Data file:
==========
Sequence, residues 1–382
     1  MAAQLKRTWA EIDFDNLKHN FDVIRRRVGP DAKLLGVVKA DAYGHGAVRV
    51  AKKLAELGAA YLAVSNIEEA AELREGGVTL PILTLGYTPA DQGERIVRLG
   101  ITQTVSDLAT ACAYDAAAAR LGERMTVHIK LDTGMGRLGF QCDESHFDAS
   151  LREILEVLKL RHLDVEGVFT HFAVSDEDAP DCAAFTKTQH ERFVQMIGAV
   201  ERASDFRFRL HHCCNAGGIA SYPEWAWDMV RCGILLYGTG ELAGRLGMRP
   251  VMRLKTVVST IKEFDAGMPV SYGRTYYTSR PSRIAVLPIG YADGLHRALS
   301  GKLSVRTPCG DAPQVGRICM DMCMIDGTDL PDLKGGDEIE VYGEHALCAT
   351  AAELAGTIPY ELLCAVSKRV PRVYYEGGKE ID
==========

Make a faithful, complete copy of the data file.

Sequence, residues 1–382
     1  MAAQLKRTWA EIDFDNLKHN FDVIRRRVGP DAKLLGVVKA DAYGHGAVRV
    51  AKKLAELGAA YLAVSNIEEA AELREGGVTL PILTLGYTPA DQGERIVRLG
   101  ITQTVSDLAT ACAYDAAAAR LGERMTVHIK LDTGMGRLGF QCDESHFDAS
   151  LREILEVLKL RHLDVEGVFT HFAVSDEDAP DCAAFTKTQH ERFVQMIGAV
   201  ERASDFRFRL HHCCNAGGIA SYPEWAWDMV RCGILLYGTG ELAGRLGMRP
   251  VMRLKTVVST IKEFDAGMPV SYGRTYYTSR PSRIAVLPIG YADGLHRALS
   301  GKLSVRTPCG DAPQVGRICM DMCMIDGTDL PDLKGGDEIE VYGEHALCAT
   351  AAELAGTIPY ELLCAVSKRV PRVYYEGGKE ID